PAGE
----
As a homeowner, maintaining a plumbing system can feel like a chore. That is, until a clogged drain ruins a hot shower. While a clogged drain feels like a minor inconvenience, one that can be solved with a quick pour of Drano, it's not always straightforward. A clogged drain can indicate more significant plumbing issues, but there are a few things to consider before reaching for a drain cleaner.
While drain cleaners are sold in local supermarkets across the country, the truth is these intensive cleaners are loaded with potentially dangerous chemicals. Drain cleaners are often made with caustic chemical like lye, bleach, and concentrated acids. Hydrochloric acid, sodium hydroxide, and ammonia are all common ingredients in drain cleaners (and even detergent pods). These corrosive agents are highly toxic. While they're capable of dissolving that mass of gunk hanging out in the plumbing, they're also capable of dissolving the protective coating inside the pipes. While seemingly effective, the caustic chemicals used in soap making can cause health issues, damage pipes, and even harm the environment.
Just how problematic are these
drain cleaners? Here are three reasons why it's time to rethink using these
products at home.
Possible safety issues
Even though drain cleaners are easily purchased, that doesn't mean they're safe. If misused, the caustic chemical used to create these products can lead to serious health issues. For families, keeping these products around the house is a serious issue, and all drain cleaners should be kept out of reach of children and pets. If ingested, these cleaners can burn the mouth, esophagus, and stomach, causing serious injuries to internal organs. These drain cleaners can even be fatal in certain instances.
If these cleaners must be used, they should be done with thick gloves to prevent chemical burn on hand and skin. Experts also recommend wearing a face mask as chemical fume can cause lung damage.
Further plumbing damage
Despite what the instructions on the back of the drain cleaner might say, they can cause damage to the pipes. That's right; these cleaners aren't fully safe for the plumbing systems they're meant to fix. Caustic chemicals can eat away at pipes, especially if they're not fully flushed out properly. If the drain cleaner doesn't eradicate the blockage, the chemicals can be left sitting in the pipes, causing erosion and weakening.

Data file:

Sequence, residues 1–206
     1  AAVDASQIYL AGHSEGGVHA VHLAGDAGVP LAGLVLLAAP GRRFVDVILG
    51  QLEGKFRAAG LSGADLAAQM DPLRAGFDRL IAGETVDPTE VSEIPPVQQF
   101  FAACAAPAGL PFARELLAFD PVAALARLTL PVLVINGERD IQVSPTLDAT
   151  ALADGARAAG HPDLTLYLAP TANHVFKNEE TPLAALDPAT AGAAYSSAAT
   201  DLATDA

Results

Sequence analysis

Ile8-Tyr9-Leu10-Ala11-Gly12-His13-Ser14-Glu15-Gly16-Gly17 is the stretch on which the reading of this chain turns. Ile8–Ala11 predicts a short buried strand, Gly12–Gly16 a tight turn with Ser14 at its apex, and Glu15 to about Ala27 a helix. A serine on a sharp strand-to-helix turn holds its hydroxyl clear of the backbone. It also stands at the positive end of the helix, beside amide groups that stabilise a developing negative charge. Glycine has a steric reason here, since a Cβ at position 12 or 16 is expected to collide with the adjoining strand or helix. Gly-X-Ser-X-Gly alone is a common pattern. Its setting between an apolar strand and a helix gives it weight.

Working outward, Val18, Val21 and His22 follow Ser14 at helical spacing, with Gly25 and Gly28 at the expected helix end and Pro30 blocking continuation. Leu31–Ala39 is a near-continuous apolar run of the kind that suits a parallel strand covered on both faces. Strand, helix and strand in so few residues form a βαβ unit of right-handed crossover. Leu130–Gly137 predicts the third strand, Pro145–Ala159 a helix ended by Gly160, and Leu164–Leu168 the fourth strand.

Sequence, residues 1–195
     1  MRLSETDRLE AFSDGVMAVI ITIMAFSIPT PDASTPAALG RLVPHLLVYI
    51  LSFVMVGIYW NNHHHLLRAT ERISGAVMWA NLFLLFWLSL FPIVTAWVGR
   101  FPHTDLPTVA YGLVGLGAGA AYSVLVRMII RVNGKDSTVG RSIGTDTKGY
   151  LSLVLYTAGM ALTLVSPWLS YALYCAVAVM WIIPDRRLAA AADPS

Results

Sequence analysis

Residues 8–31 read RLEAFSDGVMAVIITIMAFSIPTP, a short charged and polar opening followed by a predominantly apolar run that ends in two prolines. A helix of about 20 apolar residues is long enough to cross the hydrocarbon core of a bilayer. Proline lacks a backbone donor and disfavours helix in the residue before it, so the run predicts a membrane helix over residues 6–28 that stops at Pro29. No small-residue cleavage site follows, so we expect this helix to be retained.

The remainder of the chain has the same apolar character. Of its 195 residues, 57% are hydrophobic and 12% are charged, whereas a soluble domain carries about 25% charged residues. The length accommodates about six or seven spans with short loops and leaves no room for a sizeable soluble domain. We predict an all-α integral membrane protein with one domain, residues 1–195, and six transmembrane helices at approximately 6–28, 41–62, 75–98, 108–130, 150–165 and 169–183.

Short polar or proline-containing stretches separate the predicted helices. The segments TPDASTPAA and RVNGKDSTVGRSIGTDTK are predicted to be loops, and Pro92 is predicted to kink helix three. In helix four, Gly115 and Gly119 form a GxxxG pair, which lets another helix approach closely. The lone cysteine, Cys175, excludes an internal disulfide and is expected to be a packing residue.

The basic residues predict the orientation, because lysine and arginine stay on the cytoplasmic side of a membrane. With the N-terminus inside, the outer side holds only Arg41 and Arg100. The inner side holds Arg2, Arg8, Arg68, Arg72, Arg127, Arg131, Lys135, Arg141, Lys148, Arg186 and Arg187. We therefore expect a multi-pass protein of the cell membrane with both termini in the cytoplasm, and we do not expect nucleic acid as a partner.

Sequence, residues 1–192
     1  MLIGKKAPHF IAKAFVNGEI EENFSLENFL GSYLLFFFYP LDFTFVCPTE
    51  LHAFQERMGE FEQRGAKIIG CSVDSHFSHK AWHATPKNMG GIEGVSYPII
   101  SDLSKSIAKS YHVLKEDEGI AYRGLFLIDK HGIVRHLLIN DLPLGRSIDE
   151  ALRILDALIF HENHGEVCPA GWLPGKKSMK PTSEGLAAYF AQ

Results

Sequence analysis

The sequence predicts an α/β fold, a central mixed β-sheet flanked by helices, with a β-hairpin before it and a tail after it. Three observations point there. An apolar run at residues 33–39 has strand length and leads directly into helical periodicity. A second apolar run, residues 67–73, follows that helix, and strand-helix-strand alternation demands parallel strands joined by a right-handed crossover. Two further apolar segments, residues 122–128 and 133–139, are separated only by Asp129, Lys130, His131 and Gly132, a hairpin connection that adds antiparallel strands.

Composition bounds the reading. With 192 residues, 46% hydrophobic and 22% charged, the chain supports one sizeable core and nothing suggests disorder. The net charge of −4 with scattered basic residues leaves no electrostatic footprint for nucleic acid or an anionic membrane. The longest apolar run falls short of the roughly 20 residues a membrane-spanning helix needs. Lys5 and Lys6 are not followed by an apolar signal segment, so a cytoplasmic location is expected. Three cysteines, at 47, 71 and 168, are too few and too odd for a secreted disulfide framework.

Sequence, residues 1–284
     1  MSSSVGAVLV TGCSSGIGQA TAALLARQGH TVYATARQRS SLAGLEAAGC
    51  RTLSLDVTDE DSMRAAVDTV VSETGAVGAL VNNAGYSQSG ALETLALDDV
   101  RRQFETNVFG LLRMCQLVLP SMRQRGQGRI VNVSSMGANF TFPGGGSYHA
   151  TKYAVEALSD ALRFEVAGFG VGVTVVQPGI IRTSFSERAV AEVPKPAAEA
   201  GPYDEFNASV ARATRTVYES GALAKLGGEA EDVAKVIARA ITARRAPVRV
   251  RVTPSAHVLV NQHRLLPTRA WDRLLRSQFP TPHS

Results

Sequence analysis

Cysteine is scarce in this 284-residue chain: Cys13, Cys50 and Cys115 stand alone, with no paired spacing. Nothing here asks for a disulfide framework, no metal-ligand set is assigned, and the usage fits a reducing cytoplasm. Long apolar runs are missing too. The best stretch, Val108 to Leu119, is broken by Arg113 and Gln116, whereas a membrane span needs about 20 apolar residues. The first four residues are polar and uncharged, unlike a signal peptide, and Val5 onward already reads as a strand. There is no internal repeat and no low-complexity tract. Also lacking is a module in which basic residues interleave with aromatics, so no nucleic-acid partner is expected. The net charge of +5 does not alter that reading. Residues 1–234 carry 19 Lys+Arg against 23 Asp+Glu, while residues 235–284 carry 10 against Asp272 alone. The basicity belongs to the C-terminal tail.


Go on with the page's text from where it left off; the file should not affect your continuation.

Houses with older pipes should exercise when caution when considering a drain cleaner. This is particularly true for polyvinyl chloride (PVC) pipes, which are especially susceptible to damage from caustic chemicals.
Chemical drain cleaners contain highly toxic materials. Unfortunately, once these cleaners have been flushed from house pipes, they end up in the sewage systems, where they make their way into rivers, streams, and of course, the ocean. Not only do these chemicals damage local plants and wildlife, but they can also contaminate water sources.
The environmental impact doesn't end there. Once these chemicals are in the water, they can be absorbed by local fish and seafood populations or, when used in agriculture to water crops, can even end up in food.
While there are several home remedies for clogged drains, including this popular internet myth about using salt, the best way to solve the problem is with a trained professional. Similarly, using a 'pipe snake' to remove a blockage can bring up toxic waste, introduce noxious fumes into the house, and damage a weakened or older pipe.
However, a clogged drain doesn't have to be a recipe for disaster. Rather than exposing your home and family to potentially dangerous chemicals, call a qualified professional to handle the situation. A certified plumber can check the pipes and diagnose the problem correctly. Remember, a clogged drain can have numerous causes, including a cracked or broken pipe. The plumber can identify and solve the issue efficiently and safely by bringing in an expert.
If you have questions about a
clogged drain, contact Stahl Plumbing to schedule
a service and get your home back in shape.